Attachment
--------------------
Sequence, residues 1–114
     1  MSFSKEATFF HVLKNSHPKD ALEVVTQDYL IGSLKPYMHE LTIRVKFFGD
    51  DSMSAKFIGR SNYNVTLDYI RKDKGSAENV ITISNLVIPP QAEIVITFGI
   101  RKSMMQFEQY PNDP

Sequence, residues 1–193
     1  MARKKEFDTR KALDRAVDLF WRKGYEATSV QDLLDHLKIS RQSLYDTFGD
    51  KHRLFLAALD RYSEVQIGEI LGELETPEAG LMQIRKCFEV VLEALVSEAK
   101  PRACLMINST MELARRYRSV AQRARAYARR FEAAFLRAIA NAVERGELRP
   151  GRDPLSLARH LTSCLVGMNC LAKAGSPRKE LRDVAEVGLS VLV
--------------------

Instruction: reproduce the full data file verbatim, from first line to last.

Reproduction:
Sequence, residues 1–114
     1  MSFSKEATFF HVLKNSHPKD ALEVVTQDYL IGSLKPYMHE LTIRVKFFGD
    51  DSMSAKFIGR SNYNVTLDYI RKDKGSAENV ITISNLVIPP QAEIVITFGI
   101  RKSMMQFEQY PNDP

Sequence, residues 1–193
     1  MARKKEFDTR KALDRAVDLF WRKGYEATSV QDLLDHLKIS RQSLYDTFGD
    51  KHRLFLAALD RYSEVQIGEI LGELETPEAG LMQIRKCFEV VLEALVSEAK
   101  PRACLMINST MELARRYRSV AQRARAYARR FEAAFLRAIA NAVERGELRP
   151  GRDPLSLARH LTSCLVGMNC LAKAGSPRKE LRDVAEVGLS VLV